Leading New York-based think tank the Conference Board has said China and India will account for half the world’s economic growth in the next 10 years. While the world economy (under the baseline scenario) is expected to grow at 4.4% annually over the 2010-20 decade, China will account for 1.7 percentage points of that growth, India 0.6 percentage point and other developing economies will account for another 1.1 percentage points. Emerging economies as a whole will contribute 3.4 percentage points to annual global growth, with around 1 percentage point coming from the developed world. The point about a shift of economic power to emerging countries has been made, but perhaps not in quite so dramatic a fashion.
Growth in emerging economies on an average is expected to be more than three times faster than growth in the advanced economies in the next decade.
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At the same time, the research firm has warned that if the emergence of uncontrolled inflation or a mishandling of corrections to overvalued assets in China or India is not managed properly, that could reduce global growth for 2010-20 by as much as 2 percentage points. The point is that the growth of the world economy is now dependent on growth in India and China.
The Conference Board also forecasts that India’s share of world output, estimated at 5.3% in 2010, will rise to 8% by 2020 (in purchasing power parity terms)—it was 4% in 2000. China’s share of global output is expected to increase from the current 16.3% to 24% over the same period.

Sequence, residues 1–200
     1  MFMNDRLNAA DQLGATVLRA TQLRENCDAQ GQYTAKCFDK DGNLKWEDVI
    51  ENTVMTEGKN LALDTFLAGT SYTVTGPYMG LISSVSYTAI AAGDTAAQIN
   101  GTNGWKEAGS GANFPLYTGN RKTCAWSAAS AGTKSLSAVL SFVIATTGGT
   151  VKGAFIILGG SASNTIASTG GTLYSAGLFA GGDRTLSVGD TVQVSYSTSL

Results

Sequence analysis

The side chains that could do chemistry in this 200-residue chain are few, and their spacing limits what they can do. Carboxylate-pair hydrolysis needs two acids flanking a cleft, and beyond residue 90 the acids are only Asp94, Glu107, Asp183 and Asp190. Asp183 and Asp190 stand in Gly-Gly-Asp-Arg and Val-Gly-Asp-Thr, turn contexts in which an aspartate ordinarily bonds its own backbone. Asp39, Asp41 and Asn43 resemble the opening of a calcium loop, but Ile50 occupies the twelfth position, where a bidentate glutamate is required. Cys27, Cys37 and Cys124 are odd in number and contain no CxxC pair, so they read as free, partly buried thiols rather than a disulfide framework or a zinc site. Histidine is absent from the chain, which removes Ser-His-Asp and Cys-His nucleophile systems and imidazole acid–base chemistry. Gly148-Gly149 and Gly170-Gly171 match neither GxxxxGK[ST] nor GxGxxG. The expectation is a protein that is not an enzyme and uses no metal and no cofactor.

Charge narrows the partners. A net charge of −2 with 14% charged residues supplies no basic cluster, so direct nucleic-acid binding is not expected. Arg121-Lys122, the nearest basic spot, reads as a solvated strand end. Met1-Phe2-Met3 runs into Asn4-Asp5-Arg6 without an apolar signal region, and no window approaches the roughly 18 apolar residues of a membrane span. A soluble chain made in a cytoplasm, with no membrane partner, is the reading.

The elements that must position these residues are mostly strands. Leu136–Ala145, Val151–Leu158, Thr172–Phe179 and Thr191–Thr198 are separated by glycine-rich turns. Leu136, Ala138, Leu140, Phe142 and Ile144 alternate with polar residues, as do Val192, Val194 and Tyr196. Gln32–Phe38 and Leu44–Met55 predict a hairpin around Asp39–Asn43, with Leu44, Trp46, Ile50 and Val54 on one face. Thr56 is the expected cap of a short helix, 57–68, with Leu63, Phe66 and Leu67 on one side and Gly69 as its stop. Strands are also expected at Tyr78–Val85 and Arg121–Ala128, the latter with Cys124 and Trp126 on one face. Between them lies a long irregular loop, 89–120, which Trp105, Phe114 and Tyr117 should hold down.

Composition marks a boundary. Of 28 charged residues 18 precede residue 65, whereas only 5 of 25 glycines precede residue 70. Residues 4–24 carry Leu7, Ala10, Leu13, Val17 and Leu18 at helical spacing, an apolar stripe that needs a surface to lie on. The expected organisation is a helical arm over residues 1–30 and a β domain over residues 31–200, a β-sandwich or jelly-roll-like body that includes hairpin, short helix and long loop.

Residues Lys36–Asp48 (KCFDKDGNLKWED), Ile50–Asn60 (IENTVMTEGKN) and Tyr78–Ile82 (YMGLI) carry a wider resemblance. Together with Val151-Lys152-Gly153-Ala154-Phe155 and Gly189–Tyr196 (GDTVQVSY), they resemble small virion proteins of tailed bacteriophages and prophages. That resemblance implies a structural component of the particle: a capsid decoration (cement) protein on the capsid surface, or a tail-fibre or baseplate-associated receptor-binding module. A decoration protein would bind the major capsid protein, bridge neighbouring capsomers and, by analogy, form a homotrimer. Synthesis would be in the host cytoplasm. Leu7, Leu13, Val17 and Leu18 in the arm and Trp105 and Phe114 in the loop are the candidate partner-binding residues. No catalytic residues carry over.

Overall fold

Interestingly, India’s growth is expected to outpace that of China in the second half of the decade. The think tank predicts India’s gross domestic product (GDP) growth at an annual rate of 8.3% over 2010-15, while pegging China’s GDP growth rate at 9.2% over the period. Its forecast for 2015-20, however, puts India’s GDP growth rate at 9.1% per annum, compared with China’s 7.9%. In the short term, Indian growth is expected to accelerate in 2011 to 8.4% from 7.5% this calendar year. That’s in contrast to most other countries, including China, which are expected to see growth rates decline from their current year’s levels.
The numbers underline the argument that funds have strong fundamental reasons for flowing to the Indian and Chinese markets. Analysts often compare and contrast the current valuations in the market with the historical average. But if growth is accelerating, does it not mean the markets can now support a higher price-earnings multiple and comparisons with a past when growth was lower could be misleading?
Graphic by Yogesh Kumar/Mint
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